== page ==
Citing an unsafe and unproductive atmosphere existing in the Sparta School District since the school board voted to reinstate a mask mandate last month, board member Nancy Sikorsky resigned her position Wednesday.
Her resignation comes less than a month after fellow board member Eric Solberg submitted his resignation. Both Sikorsky and Solberg, who supported the mask mandate, were targets of a recall effort initiated by a parents group on Sept. 9.
On Sept. 8, the board voted 4-2 to reinstate the mask mandate in all Sparta public schools. While board members Josh Lydon and Collin Burns-Gilbert also voted to reinstate the policy, only Solberg and Sikorsky were beyond the first year of their current term, a requirement to be eligible for recall.
“If I stayed on, the best case outcome of the recall would be that the outside political group funding it doesn’t get enough signatures to force an election,” Sikorsky wrote in a letter to the Herald. “We could drag that process out for several months, as there are already some clear irregularities.”
“A worse outcome would be that the district is forced to waste tens of thousands of taxpayer dollars on multiple elections,” she added. “In any case, the divide deepens.”
Sikorsky has said both she and Solberg received threats following the Sept. 8 vote. She also said school board meetings have become unsafe and unproductive and are setting a bad example for the students and community.
“Even after September 28th’s debacle, the underlying problems persist,” she said, referring to the meeting where police removed a mask supporter after he sprayed audience members with water. “I am no longer willing to be a part of this.”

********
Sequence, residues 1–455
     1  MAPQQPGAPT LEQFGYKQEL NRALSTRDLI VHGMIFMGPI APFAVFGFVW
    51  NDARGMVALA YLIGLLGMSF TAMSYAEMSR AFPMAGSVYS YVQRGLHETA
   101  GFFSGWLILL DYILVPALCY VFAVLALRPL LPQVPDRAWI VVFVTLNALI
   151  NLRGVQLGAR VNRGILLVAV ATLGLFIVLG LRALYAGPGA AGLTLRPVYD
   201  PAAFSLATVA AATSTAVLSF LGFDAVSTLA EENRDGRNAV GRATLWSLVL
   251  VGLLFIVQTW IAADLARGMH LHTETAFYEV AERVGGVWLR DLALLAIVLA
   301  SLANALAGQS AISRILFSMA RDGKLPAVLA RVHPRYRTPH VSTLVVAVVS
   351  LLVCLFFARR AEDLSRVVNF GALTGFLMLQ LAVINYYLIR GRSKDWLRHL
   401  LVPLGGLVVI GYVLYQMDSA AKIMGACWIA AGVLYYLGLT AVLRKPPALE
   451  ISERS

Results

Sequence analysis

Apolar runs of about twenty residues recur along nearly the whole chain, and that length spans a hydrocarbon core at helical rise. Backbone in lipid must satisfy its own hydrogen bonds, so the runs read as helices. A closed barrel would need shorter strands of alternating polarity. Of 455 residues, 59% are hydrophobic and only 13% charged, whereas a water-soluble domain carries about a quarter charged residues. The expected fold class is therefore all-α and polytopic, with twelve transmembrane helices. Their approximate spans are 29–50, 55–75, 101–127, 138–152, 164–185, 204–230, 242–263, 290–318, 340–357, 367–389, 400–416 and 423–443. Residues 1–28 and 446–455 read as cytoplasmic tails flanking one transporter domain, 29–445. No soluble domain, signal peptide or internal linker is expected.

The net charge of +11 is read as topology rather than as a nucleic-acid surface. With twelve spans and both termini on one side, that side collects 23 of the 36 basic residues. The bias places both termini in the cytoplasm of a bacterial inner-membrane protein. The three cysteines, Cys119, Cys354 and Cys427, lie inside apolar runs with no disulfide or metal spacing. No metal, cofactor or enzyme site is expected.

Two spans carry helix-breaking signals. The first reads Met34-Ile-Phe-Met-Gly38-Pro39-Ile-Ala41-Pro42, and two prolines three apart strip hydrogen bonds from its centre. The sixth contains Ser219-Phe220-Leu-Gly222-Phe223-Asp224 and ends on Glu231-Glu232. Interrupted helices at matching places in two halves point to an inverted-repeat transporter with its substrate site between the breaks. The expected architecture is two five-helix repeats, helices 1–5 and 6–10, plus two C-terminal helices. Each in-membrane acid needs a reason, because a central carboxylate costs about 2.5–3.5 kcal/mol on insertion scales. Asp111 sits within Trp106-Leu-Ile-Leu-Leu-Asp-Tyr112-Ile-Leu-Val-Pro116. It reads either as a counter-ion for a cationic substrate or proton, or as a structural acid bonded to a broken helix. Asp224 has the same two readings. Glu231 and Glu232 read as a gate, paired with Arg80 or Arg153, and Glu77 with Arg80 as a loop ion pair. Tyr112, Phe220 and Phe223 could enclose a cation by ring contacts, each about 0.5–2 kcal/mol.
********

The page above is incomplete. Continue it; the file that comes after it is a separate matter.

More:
While the recall group claims to represent the majority of the school district, Sikorsky insists it doesn’t, noting that 74% of the district’s staff supported the board’s mask mandate policy.
So far, the recall effort continues. School Superintendent Amy Van Deuren said organizers filed certification documents on Sept. 9, but the district has yet to receive any signatures. They have 60 days from the filing date to submit the signature, while the school district has 31 days to certify them.
According to Monroe County Clerk Shelley Bohl, the petition will require at least 1,679 signatures of eligible voters in the Sparta School District. However, she isn’t sure if the school district crosses into other counties, which could bring that count up.
That number represents 25% of Sparta School District voters who cast ballots in the last gubernatorial election, held in November 2018.
Bohl adds that the cost of a recall election could be substantial. For Monroe County, the school district lies within the borders of 10 different municipalities, all of which will bill back the Sparta School District and ultimately its taxpayers. If enough candidates run for the two seats, triggering a primary election, that would double the costs.
Van Deuren said the district has received four applications so far for Solberg’s vacancy. The cutoff for accepting applications is 4 p.m. on Oct. 8. The school board will choose the replacement by majority vote.
Sikorsky’s letter can read in its entirety at left.